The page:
Winter Park FL hotels. Find accommodation / hotels in Winter Park Florida United States of America. Florida attractions, sights, wildlife refuges, national and state forests, national and/or state parks. Anecdotes, hints, tips and warnings by Camelopard. Florida myths, folklore, hauntings, monsters, legends and ghosts.
Camelopard wishes you a comfortable stay in your Winter Park Florida hotel. The famous and/or historic hotels of the world are major destinations in their own right. The Hotel Baur au Lac in Zurich, the Mandarin Oriental Pudong in Shanghai, the Venetian Macao Resort Hotel in Macau, the Beverly Hills Hotel in Los Angeles, the New Stanley Hotel in Nairobi, the PuLi Hotel and Spa in Shanghai and the Langham Shanghai Xintiandi in Shanghai. are internationally renowned hotels.
Reptiles, Birds, Mammals and other Wildlife / Fauna of Florida
Roseate spoonbills, bald eagles, raccoons, black bears, white-tailed deer, river otters, rare Florida cougars (also called Florida panthers), muskrats, feral parakeets, manatees, opossums, Florida softshell turtles, dolphins, gopher tortoises, feral Burmese pythons, bobcats, pelicans, marsh rabbits, feral nine-banded armadillos, leatherback turtles, endangered North Atlantic right whales, green turtles, feral Rhesus monkeys on the Silver River, adding to Florida's atmosphere of subtropical paradise, loggerhead turtles, alligators, rare American crocodiles, hawksbill turtles and American flamingos are among the wild animals of Florida.
Scary Stories, Myths, Folklore, Ghosts, Monsters and Legends in Florida
The phantom maid who makes a nuisance of herself in the historic St Francis Inn, St Augstine; the numerous ghosts of the Cassadaga Hotel, Cassadaga, which embraces its phantom guests and usually has a professional psychic on hand (spectres include girls Katlin and Sarah, Gentleman Jack with his trademark cigar and a rather naughty ghost called Arthur); spectral lights and other mysterious phenomena at the Indian River Inn & Conference Center in New Smyrna; Umatilla Cemetery with its screaming woman and phantom children; the Fairchid Oak of Ormond Beach, haunted my a male spectre, possibly a suicide; strange phenomena at the historic Mary Phifer McKenzie House, part of the Sweetwater Branch Inn in Gainesville; and the phantom of the Olde Marco Inn on Marco Island, are among the true ghost stories, myths and legends of Florida.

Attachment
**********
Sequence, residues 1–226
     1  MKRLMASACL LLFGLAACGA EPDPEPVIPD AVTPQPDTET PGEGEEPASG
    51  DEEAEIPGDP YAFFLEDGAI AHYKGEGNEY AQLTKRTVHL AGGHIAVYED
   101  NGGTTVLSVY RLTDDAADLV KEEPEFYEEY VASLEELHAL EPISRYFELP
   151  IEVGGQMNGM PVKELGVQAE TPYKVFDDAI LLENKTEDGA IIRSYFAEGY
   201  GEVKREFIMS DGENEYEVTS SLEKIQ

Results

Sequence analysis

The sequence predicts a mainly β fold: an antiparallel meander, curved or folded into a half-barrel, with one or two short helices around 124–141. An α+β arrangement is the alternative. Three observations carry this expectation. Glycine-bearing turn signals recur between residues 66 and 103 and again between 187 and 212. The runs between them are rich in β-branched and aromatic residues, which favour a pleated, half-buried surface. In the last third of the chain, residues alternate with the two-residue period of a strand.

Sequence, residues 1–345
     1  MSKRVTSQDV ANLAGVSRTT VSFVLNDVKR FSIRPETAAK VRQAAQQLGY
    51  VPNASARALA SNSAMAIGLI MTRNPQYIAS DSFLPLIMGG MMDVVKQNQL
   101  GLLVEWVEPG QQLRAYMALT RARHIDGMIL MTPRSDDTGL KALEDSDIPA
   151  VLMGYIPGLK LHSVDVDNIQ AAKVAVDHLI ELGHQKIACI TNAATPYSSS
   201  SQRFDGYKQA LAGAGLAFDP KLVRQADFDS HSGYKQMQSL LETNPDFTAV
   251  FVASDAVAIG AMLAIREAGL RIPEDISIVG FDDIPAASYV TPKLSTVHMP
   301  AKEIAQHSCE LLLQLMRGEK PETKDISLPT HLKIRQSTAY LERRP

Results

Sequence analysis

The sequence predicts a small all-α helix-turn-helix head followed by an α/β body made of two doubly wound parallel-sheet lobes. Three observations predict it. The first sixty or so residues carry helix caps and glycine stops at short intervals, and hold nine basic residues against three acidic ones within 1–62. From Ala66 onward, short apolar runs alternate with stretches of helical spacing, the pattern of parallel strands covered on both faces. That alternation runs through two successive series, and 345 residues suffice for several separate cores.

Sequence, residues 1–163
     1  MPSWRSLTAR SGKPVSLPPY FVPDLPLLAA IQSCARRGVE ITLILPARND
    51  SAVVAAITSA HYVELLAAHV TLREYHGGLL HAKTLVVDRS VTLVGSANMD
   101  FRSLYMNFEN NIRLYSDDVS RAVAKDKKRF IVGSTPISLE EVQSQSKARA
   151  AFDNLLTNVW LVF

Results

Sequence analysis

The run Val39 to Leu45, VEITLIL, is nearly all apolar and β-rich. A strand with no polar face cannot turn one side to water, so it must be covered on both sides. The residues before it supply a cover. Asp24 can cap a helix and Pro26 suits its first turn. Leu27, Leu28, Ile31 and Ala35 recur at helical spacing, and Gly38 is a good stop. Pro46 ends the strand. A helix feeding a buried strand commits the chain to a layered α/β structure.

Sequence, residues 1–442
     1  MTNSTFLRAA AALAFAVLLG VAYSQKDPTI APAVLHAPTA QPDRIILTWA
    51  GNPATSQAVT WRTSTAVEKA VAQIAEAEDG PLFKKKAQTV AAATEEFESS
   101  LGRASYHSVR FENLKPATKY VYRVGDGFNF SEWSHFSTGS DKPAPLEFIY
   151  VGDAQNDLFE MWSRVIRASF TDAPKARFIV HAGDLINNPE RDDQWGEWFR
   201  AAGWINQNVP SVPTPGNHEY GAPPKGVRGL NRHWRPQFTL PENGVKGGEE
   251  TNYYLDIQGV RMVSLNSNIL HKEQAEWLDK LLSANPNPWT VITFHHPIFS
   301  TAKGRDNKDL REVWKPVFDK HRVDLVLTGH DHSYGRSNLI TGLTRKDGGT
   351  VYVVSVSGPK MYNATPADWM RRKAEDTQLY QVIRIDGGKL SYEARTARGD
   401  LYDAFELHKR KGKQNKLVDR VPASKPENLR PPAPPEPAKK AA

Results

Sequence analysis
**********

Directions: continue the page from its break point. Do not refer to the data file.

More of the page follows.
The ghost of a former owner that haunts the Inn at New World Landing, Pensacola; the White Lady, Julia, who haunts Rolling Acres Road in appropriately named Lady Lake, along with a hooded phantom; the spectre in a top hat that haunts the Vinoy Renaissance Hotel in St Petersburg; the phantom lighthouse keeper at the St Augustine Lighthouse and Museum; ghostly apparitions at the Hyatt Regency Orlando, formerly the Peabody Hotel; the pink, horned, serpentine monster of the St John's River; and the Elusive Muck Monster of Lake Worth Lagoon, are other legendary tales of ghosts and haunted places in Florida.
The ghosts of Miss Sunshine Gibson and Captain Wood in the historic, Cracker styled, Gibson Inn in Apalachicola; the thoroughfare popularly called Bloody Bucket Road and the similarly prefixed bridge and woods in Wauchula where, at night, blood appears in the water below the bridge and the sound of crying babies is heard from the woods (a murderous midwife is said to have been haunted by a bucket that supernaturally filled with the blood of her victims, which she tried to pour out at the bridge); the Saint Augustine Monster, a real carcass that has never been positively identified; spirits of the Agustin Inn in the St Augustine Historic District, including a man in white, who walks through walls and who may also be the ghostly Chiles who "goes bump in the night"; sewer rats so huge that people have petted them like dogs; unexplained phenomena at the Biltmore Hotel in Coral Gables, Miami (ghostly events are associated with the fact that the hotel was used as a soldiers' hospital during WW2); and the Wiccademous Grave of the atmospheric shrimping village Fernandina Beach, on Amelia Island, where the spirit of a witch causes the earth to tremble, are more weird folklore associated with Florida.